The worst part? You’re never happy. Doomscrolling and Facebook depression and are real terms that occur due to overexposure to the screen. And research proves that this exposure causes unhappiness. But you don’t need research to tell you that. You already feel it in your gut, don’t you?
On average, we spend close to four hours on our phones each day. That’s almost 24 hours each week. That’s like spending your entire Sunday on the phone. No sleep, no hanging out with people you love, no activities that rejuvenate you. Just scrolling the phone. Imagine the toll this will take on your mental health three months, six months, one year down the line!
I admit, breaking up with your phone is tough. It’s not even advisable. Used the right way, your phone is a useful tool that increases your productivity.
What if, instead of breaking up, you just began spending less time with your phone? What if you halved the time you spend on it? What could you do with that spare time?
You could spend more time with your partner. You could play with your kids in the park, something they complain you don’t do enough of. You could take a quiet walk in the neighborhood. You could meditate.
Turn off the notifications so you take control of your attention.
Limit the amount of time you spend scrolling apps. (If you can’t find the willpower to do this, you can use app blockers.)
Call one friend and have a meaningful conversation instead of texting twenty people with acronyms like “rn,” “ikr,” and “k”.
And when you’re done with work, put the phone in a place that’s not easy to reach, so you don’t feel tempted to touch it repeatedly.
This will feel tough in the beginning. You’ll feel like the world is caving in. You’ll struggle with the thought that everyone has forgotten you. You’ll worry that something could go horribly wrong at work while you were unavailable.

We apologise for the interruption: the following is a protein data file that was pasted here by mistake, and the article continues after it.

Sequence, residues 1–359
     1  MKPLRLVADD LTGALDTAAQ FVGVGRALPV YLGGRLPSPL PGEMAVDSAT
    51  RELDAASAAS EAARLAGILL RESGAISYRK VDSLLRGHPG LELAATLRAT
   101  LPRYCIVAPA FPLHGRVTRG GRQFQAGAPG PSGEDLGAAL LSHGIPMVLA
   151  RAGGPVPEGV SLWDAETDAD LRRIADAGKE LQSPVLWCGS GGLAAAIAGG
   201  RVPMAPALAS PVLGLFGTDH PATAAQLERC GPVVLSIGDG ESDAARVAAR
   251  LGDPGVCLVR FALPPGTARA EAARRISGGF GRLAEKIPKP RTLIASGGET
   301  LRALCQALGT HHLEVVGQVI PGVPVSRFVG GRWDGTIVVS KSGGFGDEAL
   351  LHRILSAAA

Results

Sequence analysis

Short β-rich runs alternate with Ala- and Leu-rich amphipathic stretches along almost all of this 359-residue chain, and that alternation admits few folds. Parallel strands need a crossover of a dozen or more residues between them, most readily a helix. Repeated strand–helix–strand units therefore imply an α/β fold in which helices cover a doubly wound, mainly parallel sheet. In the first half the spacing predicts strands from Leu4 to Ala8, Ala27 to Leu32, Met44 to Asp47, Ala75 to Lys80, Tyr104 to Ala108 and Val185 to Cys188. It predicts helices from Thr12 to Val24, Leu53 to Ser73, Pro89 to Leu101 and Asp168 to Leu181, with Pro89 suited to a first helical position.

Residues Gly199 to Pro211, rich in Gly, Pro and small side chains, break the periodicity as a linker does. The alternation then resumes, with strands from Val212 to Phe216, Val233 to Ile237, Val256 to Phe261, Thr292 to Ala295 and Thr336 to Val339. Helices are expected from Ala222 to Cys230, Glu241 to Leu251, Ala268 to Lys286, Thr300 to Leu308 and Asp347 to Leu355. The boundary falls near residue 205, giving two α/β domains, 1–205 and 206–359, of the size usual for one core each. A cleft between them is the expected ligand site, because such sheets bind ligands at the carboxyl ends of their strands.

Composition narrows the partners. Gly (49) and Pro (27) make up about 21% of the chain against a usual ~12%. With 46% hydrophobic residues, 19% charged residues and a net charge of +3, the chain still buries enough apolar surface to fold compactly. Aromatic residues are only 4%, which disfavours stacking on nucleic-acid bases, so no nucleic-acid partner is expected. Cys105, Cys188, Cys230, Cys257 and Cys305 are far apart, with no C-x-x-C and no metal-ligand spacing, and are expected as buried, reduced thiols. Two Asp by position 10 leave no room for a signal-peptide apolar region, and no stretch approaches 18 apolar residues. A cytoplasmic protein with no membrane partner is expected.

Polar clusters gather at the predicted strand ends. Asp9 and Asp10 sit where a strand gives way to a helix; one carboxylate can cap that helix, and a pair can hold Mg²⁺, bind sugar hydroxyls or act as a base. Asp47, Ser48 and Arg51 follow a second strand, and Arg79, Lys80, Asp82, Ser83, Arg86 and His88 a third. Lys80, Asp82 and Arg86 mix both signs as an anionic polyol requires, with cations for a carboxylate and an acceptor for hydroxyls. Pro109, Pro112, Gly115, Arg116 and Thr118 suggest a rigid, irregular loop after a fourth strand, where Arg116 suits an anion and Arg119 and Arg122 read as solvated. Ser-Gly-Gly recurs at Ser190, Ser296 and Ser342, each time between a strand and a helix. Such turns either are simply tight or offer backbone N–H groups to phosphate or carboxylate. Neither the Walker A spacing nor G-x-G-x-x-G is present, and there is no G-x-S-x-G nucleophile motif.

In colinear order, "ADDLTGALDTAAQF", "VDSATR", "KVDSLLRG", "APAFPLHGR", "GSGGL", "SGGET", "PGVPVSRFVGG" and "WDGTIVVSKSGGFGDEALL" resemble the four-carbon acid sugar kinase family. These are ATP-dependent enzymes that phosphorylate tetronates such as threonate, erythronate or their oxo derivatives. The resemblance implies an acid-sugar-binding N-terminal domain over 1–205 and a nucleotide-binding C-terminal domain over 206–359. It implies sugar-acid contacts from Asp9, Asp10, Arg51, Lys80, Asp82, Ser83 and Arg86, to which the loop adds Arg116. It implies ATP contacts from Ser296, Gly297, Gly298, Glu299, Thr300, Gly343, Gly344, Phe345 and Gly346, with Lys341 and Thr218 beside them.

But as time goes by, you’ll realize that your fears were misplaced, that they were just False Evidence Appearing Real. You’ll feel relieved when people don’t try to reach out to you all the time because you have more time to do what you want.
You can meditate, play in the sandpit with your kids, or work on your side project because you want to, not because you’re forced to. You can start craving validation from yourself more than from others. You can learn that you’re enough by yourself, that you don’t need to be stuck in a toxic relationship. You can discover your real self.
Just put the phone away for a few moments each day and live in the present.
Make Some “Real” Me-Time”
I asked Shekhar what he had done in the two months since his mother passed away. He said he visited Manali to take some time off. Manali is a beautiful place, particularly when it snows.
“I hope to see some pics of the trip,” I said.
“I barely took any photos,” Shekhar said. “It felt strange, but also liberating. I wasn’t enslaved by the phone. I didn’t worry how much battery was left, how strong the signal was, or whether I should use the landscape, portrait, or panoramic lens to capture the snow. I used my own eyes instead of a six-inch screen to soak in the view. I saw the place the way my mom wanted me to see it. I just wish I could’ve done it with her.”
After our call, I sat quietly for some time. Then I switched off my phone and went for a walk.